Drop in school populace troubling sign

One of the disturbing demographic trends in Connecticut — multiple years of declining school enrollments — remains little discussed.
Virtually every town in southeastern Connecticut is facing smaller school enrollments. The same trend is happening statewide, with serious implications for the state's health.

Connecticut, once a vigorous economic engine fueled by insurance, defense, banks and manufacturing, is trying to find a new path toward growth, the challenge made more difficult because the cost of doing business in the state remains high. Meanwhile, Connecticut's bonded debt per-capita is among the highest in the nation and the cost of pensions for state workers is greater than in 48 other states.

The state is barely holding its own in population, hovering at just under 3.6 million. Job creation, which had been squalid for more than a decade, is showing some meager progress, but the reality is that people are not moving to the state because Connecticut isn't producing vigorous economic growth.

Connecticut's per-capita income is first or second in the nation year after year. In national comparisons, its population ranks as among the best educated. Yale is one of the great universities in the world and the University of Connecticut is emerging to achieve its potential as a great research university.

Yet many of the state's young people are going to other states where job opportunities are greater.

The result is that the population is aging, and school enrollment dropping. While these demographic trends will not reverse anytime soon, Connecticut needs to slow them by attracting young professionals to the state and creating the jobs necessary to keep more of its young people here.

Gov. Dannel P. Malloy is well aware of these problems, having inherited the poor job growth fed by the almost benign neglect of his predecessor, the Rell administration, and, before that, the long-term, expensive labor contracts with state unions approved by former Gov. John G. Rowland.

One of the great ironies of Connecticut state government is the reality that a brain drain exists despite Connecticut's massive investment in infrastructure for UConn and the ever more talented, intelligent students attracted to the school. Graduating seniors will go where the jobs are and Connecticut hasn't created them at anywhere near the rate it should have.

To his credit, Gov. Malloy is focusing on improving education in public schools to raise high school graduation rates and upgrade the quality of the education those diplomas represent. High school graduation rates are in the mid-80s percentile for all students, but Hispanic young people are graduating at rates still in the 60s and African-American students are in the low 70s. There remains a large performance gap between the percentage of white students graduating (over 90 percent) and their counterparts in the Hispanic and black communities, a product of income disparity.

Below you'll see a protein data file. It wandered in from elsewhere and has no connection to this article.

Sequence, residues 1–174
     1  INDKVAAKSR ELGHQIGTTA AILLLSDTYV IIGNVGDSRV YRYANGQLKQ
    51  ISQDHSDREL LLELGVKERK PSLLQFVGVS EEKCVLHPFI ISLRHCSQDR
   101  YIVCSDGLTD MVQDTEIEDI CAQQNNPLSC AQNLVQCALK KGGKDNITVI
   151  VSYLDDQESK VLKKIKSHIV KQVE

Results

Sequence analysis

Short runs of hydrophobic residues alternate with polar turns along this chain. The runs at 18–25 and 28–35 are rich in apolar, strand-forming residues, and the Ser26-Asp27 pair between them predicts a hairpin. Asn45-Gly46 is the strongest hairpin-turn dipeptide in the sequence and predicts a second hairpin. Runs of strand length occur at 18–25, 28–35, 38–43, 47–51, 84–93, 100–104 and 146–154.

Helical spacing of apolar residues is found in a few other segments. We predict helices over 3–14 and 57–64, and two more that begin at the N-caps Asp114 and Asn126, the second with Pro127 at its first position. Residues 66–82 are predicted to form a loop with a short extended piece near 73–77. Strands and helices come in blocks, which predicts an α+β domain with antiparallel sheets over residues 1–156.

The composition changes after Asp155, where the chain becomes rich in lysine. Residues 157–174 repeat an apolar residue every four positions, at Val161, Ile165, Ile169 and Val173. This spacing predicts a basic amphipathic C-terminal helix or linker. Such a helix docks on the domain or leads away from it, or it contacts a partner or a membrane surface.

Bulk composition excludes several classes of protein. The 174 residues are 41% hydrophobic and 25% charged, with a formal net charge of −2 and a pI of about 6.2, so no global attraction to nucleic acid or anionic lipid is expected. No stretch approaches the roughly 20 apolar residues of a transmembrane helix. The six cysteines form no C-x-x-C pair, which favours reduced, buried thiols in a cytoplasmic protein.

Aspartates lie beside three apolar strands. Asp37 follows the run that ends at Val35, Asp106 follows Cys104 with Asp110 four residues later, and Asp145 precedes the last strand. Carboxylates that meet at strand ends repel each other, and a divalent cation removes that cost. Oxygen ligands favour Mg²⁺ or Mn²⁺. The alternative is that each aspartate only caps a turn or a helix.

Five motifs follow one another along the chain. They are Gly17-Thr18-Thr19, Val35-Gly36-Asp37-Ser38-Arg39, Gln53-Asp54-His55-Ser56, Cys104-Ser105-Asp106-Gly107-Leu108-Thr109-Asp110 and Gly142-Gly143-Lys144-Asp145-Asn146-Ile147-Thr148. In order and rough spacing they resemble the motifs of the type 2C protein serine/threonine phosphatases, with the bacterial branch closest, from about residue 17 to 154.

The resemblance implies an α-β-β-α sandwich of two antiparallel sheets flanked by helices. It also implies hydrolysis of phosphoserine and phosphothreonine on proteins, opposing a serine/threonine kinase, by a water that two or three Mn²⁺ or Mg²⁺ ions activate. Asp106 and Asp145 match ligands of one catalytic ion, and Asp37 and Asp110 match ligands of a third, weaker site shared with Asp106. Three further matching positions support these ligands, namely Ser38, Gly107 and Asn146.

The governor wisely is investing in pre-kindergarten schooling, and he has made an effort to match the educations of high school, technical school and community college students with the jobs available in the state's business community.

Further, he has invested in the University of Connecticut as the flagship state university tries to grow into a leading research center.

Gov. Malloy is correctly pursuing an economic strategy by which Connecticut can benefit from the growth of the techonology center. On Wednesday came word that the State Bond Commission is expected to approve today $20.5 million to convert two vacant buildings at Pfizer's Groton campus to house start-up businesses in the bioscience and technology data fields.

Also this week the Malloy administration announced a deal with United Technologies Corp. It will launch a major $500 million investment in its state-based research, training and corporate facilities in exchange for $400 million in tax relief.

On the fiscal front, in his first two years in office the governor won concessions from the state unions regarding pensions and health care.

Much more needs to be done to overcome the incestuous relationship between Democrats in the state legislature and state employee unions. Their political leverage with the legislature is far greater than it should be. But balancing the fiscal scales will require 20 years of firm policy by Gov. Malloy and his successors. The budget problems caused by underfunded pension and health care contracts are that big.

When anyone burrows into statistics in education, economics, manufacturing and the cost of government, it's tempting to pull them together and ask: whatever happened to the Connecticut its citizens knew?

It's a fair question to ask, one that Gov. Malloy no doubt asks himself frequently as he attempts to get the state out of this mess.

It's the debate the coming gubernatorial election needs to focus on.

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